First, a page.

Dealing with rampaging duckweed

Google “how to with deal duckweed” and the search produces answers from around the world, as pond owners from Florida to Australia and from Cornwall to Cumberland struggle to contain the green monster. It is just like doing a search on blanket weed, which can take over a pond in the late spring with an unsightly mass of bubbling green sludge floating on the surface.

Last year we had virtually no duckweed, but this year’s warm weather has encouraged it to grow at a ferocious rate so that after a 10 day absence we returned to find a bright green pond with no water visible beneath the smooth carpet of weed. The long term solution is to try for a better balance of nutrients in the water but the short term treatment is simple – rake it out.

We have two ways of doing that. The simplest is to use a 3ft wide Ransome’s self-cleaning grass rake with an extra long (10 foot) pole cut from a sapling in the hedge row. This only works after a good breeze has piled up the duckweed at one end of the pond, and when that happens the rake can retrieve very large quantities,with the wind pushing more and more weed into the gaps produced by raking. The rake is plastic and very light and can be held easily at the level of the water surface. The duckweed is piled on the bank and left overnight for creatures to escape. However, the grass underneath suffered so now we throw the compost onto an old tarpaulin and then move it to a compost heap or use it for a mulch.

The other method we use when the pond is completely covered: put on waders and use a large plank (a scaffolding board works well) as a boom to push the duckweed to the edge of the pond, where it piles up in a deep mass and can be spooned out with a smaller plastic grass rake. The plank is floated on edge, so it goes deep, and the weed can’t escape from behind.

It took about two hours to largely clear our 100 foot by 50 foot pond. The solid green layer with which we started is actually very thin so the heap of raked-out weed was quite small for the size of pond.

Harvested duckweed

Harvested duckweed

This isn’t a long term solution: the weed can double in a few days so it will be back. So far this year we have had two big raking sessions from the bank and one with a plank and waders in the water. But we’d rather do the work and have an attractive pond to look at. More light also gets into the water and other plants have a better chance without the weed.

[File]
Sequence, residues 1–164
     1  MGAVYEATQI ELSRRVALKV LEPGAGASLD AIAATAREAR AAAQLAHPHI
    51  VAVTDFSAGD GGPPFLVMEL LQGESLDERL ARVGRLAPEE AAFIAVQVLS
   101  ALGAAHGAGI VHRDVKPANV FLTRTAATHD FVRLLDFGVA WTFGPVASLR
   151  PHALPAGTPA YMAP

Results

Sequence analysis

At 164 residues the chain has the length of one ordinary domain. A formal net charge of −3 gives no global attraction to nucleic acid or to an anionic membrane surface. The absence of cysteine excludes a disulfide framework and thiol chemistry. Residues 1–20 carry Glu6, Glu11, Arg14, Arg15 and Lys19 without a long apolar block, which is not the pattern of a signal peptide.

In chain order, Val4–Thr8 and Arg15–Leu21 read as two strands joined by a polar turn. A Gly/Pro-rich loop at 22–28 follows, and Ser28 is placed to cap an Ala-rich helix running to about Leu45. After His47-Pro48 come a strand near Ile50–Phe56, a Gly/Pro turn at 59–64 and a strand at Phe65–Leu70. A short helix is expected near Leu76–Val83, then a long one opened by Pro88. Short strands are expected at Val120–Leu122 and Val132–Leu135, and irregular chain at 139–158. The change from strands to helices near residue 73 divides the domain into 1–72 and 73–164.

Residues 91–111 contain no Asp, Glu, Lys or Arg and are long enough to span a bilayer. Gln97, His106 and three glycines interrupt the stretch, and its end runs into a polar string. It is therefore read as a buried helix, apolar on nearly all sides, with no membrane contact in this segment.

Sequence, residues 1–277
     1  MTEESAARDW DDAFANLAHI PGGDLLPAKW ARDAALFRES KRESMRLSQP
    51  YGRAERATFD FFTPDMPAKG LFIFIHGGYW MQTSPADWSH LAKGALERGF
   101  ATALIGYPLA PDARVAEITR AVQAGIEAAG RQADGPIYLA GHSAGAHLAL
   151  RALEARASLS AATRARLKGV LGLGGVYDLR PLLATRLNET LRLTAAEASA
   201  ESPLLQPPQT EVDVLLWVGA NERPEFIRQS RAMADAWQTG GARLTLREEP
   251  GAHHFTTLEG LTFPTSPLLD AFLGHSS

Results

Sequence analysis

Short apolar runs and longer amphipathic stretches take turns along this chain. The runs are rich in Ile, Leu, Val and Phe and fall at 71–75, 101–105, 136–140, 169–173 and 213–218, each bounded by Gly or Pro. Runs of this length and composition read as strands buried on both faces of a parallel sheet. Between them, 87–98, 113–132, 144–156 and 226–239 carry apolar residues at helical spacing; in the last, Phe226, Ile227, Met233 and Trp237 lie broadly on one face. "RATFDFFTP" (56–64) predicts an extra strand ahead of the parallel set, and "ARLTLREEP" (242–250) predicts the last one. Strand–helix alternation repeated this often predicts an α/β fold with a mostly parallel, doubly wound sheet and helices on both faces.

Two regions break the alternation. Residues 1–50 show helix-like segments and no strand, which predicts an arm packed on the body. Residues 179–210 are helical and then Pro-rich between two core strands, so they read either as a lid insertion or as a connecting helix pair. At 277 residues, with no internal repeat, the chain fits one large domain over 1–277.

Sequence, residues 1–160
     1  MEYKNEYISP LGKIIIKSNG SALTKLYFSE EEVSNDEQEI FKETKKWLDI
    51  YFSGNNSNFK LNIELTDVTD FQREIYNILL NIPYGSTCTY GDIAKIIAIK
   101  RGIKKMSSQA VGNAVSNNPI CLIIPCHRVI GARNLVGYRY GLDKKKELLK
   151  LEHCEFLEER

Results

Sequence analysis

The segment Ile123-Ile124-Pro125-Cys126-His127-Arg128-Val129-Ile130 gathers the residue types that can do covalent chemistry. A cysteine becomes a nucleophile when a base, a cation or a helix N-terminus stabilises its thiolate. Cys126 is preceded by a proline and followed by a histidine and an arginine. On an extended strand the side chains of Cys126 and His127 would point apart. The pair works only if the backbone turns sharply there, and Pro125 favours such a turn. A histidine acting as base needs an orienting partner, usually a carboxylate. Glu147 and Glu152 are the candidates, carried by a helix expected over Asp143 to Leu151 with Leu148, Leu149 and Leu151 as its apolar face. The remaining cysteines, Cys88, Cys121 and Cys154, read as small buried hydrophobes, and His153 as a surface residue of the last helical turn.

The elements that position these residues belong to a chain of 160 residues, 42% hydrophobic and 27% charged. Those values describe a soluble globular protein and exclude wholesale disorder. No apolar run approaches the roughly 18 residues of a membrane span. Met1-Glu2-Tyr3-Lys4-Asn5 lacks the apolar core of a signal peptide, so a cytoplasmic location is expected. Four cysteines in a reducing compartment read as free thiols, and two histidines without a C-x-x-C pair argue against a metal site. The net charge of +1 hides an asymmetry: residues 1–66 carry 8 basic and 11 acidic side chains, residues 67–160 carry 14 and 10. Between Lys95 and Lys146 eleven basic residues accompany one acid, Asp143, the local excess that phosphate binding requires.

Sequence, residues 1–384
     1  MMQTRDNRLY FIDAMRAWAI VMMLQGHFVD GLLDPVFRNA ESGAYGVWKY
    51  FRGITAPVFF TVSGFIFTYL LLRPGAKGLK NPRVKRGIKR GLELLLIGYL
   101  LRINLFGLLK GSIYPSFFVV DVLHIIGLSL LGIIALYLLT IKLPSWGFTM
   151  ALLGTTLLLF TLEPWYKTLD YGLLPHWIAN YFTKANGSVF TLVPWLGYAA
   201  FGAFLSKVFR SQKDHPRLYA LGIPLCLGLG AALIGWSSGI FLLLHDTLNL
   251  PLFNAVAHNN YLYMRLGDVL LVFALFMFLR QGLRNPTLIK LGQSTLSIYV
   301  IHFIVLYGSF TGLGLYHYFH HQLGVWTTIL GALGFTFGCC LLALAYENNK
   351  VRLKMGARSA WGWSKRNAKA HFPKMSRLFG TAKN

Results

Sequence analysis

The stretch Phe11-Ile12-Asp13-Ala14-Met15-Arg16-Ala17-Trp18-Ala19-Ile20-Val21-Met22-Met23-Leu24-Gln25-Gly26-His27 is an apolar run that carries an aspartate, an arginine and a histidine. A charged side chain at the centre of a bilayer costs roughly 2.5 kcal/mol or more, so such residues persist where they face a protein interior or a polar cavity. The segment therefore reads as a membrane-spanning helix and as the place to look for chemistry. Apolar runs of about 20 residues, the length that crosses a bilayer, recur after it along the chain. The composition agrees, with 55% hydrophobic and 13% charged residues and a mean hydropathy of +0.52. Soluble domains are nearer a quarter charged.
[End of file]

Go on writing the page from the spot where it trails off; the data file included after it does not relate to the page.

The other reason the duckweed will be back is that it has a very successful survival mechanism. Each tiny plant winters by sinking to the bottom, lying dormant till the following year when it rises to the surface and starts reproducing again.

Being interventionists, the pond gets a good raking in the late autumn to remove at least some of the rotting weeds and sticks on the bottom. A byproduct of this is that it also pulls out a lot of old blanket weed from the bottom and perhaps that will also reduce the amount of dormant duckweed waiting for next year’s warmth to revive it.

Mechanical removal also works with blanket weed – see earlier posts – but is a similarly short term solution. However, longer term methods for are even more unsatisfactory. A bacterial control advertised for duckweed sounds risky. Proprietary chemicals for blanket weed are ridiculously expensive for a large pond and we suspect them on principle. The old solution for blanket weed of floating bales of barley straw is unsightly once they blacken and rot, and a pond our size would need several. Anyway, cleaning weed from a pond can be a pleasant and relaxing exercise and it produces very quick results, even if they are not permanent.

Postscript: Four days later, the remaining duckweed had almost disappeared. I had been expecting it to start multiplying again in the warm weather, as it had after this summer’s previous rakings. The likeliest explanation is that something is at last eating it faster than it grows, and that the most recent clearance efforts got it below a critical mass. The grass carp have been noticeably active and the ducks, six of them, have returned after an absence of quite a few weeks; both eat duckweed. See this useful Royal Horticultural Society link.